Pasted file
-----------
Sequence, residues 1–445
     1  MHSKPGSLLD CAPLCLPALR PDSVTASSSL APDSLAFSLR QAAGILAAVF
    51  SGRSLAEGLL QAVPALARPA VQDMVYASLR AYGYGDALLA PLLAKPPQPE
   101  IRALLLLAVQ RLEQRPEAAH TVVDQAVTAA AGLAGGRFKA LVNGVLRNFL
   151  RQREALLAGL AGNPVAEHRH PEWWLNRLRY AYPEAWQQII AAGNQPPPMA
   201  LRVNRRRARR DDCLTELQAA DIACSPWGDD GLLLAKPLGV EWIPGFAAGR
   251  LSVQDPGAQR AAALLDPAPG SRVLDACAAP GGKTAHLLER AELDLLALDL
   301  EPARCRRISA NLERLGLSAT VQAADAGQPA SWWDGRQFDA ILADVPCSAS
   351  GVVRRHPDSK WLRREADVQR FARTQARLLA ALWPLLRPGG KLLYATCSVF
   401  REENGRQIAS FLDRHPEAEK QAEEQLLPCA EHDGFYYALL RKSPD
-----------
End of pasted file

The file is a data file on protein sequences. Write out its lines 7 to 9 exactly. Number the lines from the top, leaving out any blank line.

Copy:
   251  LSVQDPGAQR AAALLDPAPG SRVLDACAAP GGKTAHLLER AELDLLALDL
   301  EPARCRRISA NLERLGLSAT VQAADAGQPA SWWDGRQFDA ILADVPCSAS
   351  GVVRRHPDSK WLRREADVQR FARTQARLLA ALWPLLRPGG KLLYATCSVF